Hook and Theme: A Post For Writers

Me with fellow panelist Megan Miranda and moderator John Claude Bemis. MG author Stephen Messer was also on the panel.

This time last week I was in Charlotte NC at the SCBWI Carolinas conference. It was an honor to be included on the faculty this year. During the conference I critiqued manuscripts, participated in author panels, and attended some inspiring speeches and workshops! So… can I boil down all that happened in an info-packed weekend into one blog post? No way. But being around so many authors and so many enthusiastic writers who long to see their books on shelves has made me think about this question: What is the MOST IMPORTANT thing an aspiring author can learn?

The answers to this question may vary, depending on who you ask, but here is my answer.

Writers must know the difference between theme and hook. The theme of a book tells us what it is about. This Wikipedia definition is accurate: a theme is the central topic, subject, or concept the author is trying to convey.

When I ask aspiring authors to tell me the HOOK of their book, they often describe the theme instead.  But the hook is different from the theme. It is the part of your book that pulls the reader in, but it is also the part that NO ONE ELSE has ever thought of before.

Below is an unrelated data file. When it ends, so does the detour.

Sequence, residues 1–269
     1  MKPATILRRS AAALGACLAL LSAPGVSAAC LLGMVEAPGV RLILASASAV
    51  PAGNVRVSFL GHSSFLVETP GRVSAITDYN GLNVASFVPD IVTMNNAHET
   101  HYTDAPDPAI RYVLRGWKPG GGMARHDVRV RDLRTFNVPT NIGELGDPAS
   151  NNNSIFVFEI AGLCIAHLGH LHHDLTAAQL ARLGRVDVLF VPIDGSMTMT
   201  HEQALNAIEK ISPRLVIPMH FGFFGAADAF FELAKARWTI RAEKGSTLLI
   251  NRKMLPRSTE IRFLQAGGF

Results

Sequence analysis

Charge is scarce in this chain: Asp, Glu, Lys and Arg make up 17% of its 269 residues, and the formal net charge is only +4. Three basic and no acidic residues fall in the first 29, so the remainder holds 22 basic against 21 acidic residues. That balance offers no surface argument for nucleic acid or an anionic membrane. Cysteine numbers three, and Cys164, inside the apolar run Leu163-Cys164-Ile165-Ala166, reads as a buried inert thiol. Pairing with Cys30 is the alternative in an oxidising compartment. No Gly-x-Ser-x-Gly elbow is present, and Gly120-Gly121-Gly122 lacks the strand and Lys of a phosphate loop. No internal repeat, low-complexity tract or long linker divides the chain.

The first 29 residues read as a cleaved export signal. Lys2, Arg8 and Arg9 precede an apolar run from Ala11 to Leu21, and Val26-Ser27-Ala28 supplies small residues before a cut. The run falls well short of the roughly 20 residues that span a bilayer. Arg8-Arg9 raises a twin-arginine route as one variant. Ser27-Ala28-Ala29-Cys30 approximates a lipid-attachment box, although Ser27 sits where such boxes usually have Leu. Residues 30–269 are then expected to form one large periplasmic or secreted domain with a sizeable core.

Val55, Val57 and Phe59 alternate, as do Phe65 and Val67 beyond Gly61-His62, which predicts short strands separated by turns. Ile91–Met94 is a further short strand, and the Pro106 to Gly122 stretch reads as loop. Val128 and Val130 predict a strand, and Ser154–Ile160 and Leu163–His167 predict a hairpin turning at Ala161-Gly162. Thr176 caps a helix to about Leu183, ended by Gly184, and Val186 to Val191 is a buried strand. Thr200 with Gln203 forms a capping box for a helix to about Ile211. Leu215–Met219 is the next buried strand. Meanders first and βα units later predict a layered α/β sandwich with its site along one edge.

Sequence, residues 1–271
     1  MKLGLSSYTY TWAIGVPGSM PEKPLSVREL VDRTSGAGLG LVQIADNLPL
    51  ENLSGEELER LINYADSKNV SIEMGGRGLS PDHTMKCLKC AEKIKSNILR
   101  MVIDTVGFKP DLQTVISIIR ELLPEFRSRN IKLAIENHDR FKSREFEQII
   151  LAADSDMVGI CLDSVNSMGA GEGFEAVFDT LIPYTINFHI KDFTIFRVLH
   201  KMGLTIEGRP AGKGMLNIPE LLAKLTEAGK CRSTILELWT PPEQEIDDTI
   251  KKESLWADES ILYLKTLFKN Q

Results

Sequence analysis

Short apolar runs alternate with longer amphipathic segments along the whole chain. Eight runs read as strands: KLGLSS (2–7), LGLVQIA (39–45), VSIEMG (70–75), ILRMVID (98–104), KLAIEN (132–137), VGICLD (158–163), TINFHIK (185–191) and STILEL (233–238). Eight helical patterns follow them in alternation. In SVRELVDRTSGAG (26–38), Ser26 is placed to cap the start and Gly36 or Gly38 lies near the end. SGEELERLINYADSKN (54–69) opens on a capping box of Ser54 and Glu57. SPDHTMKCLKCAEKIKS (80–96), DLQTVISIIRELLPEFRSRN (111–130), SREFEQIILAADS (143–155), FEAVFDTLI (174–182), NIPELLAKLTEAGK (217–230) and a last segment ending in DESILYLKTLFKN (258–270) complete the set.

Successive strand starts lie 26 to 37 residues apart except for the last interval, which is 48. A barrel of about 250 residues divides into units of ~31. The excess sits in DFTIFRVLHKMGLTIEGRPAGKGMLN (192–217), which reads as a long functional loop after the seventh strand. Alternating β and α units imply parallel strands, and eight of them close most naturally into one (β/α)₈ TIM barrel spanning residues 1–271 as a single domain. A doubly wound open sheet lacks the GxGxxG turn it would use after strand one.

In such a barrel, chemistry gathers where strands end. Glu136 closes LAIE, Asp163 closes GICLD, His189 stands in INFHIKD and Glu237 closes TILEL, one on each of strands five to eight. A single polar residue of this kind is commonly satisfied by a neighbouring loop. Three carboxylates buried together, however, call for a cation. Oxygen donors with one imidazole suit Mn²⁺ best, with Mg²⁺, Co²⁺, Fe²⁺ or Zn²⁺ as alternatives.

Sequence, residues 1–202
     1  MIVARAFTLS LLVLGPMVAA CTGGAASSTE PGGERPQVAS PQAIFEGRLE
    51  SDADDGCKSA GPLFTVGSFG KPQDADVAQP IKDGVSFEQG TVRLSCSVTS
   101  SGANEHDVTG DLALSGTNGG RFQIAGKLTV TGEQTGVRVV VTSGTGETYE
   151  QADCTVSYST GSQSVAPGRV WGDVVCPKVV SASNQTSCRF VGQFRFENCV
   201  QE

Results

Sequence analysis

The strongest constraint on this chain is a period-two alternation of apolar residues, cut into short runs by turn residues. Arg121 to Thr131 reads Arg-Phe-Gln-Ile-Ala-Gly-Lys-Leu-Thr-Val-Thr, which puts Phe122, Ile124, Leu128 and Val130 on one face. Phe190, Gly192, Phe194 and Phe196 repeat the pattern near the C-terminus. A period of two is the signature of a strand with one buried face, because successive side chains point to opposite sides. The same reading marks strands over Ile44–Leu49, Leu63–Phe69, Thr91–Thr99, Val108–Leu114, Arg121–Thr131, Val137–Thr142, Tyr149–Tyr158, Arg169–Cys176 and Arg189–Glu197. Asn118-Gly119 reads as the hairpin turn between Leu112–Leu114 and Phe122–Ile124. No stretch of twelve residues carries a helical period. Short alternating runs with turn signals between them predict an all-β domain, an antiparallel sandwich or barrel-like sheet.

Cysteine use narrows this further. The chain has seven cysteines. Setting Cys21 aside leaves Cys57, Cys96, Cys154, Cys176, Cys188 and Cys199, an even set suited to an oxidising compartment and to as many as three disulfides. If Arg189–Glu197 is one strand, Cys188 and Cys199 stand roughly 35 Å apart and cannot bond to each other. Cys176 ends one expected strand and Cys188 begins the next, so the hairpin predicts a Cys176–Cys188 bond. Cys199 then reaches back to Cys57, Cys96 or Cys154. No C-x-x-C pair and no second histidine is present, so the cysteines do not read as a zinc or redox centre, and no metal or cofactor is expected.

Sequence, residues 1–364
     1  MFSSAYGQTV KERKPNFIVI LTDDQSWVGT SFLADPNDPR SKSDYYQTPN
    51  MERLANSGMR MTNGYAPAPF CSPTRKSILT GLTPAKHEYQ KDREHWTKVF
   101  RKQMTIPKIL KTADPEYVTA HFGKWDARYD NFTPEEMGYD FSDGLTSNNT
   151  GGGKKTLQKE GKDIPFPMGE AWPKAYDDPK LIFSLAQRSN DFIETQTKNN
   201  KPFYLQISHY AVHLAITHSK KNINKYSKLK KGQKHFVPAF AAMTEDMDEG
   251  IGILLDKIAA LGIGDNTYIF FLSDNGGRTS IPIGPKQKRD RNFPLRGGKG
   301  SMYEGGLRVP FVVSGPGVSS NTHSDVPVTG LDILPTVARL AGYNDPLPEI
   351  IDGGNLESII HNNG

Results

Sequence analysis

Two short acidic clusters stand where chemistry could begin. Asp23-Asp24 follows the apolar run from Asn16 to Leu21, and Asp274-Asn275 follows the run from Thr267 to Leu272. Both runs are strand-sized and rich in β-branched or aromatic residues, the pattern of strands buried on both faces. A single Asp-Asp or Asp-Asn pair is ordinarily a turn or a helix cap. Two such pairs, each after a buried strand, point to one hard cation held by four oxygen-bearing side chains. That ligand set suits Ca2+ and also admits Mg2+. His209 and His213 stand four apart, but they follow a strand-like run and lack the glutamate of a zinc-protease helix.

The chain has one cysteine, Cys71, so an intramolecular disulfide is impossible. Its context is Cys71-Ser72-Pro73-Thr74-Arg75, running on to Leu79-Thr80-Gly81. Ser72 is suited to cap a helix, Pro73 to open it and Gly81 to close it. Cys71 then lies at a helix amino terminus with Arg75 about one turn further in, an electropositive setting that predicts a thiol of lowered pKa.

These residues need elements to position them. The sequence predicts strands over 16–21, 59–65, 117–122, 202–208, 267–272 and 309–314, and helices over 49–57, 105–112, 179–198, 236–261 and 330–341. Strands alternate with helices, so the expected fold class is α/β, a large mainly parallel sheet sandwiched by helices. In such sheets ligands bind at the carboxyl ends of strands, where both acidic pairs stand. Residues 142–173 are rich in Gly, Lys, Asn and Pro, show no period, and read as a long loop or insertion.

It’s true that no two characters, no two settings, no two plots are ever exactly alike. But slight differences between characters, settings, and plots are not enough to set a manuscript apart. For a manuscript to stand out, it must present a truly original idea. One that will make editors and agents wonder how you thought of it in the first place!

When I looked over my conference notes, I saw that some of our most esteemed speakers echoed the importance of presenting editors and agents with truly unique work.

During SCBWI President Stephen Mooser’s workshop, he gave us this advice on character:

“Think about who is someone that editors have never seen.”

This goes hand in hand with advice from Harper Collins editor Molly O’Neal whose keynote included the thought:

“Collect your ideas from where no one else is looking.”

Our words alone do not set us apart as writers. But those unique ideas, the HOOKS, will set us apart instantly. Think about your manuscript. How can you make it completely different from anything else out there? Once you latch on to that idea, you are one step closer to publication!

 

Theme: A girl who discovers the truth about her world, and her quest to find her mother, and safety.
Hook: A girl who discovers that her father can read characters out of books, and her quest to find her lost mother, who disappeared into a book, and safety.

 

The Quotable Nerdy Chick: Martha Graham

This photo of Martha Graham and Bertram Ross was taken by photographer Carl Van Vetchtan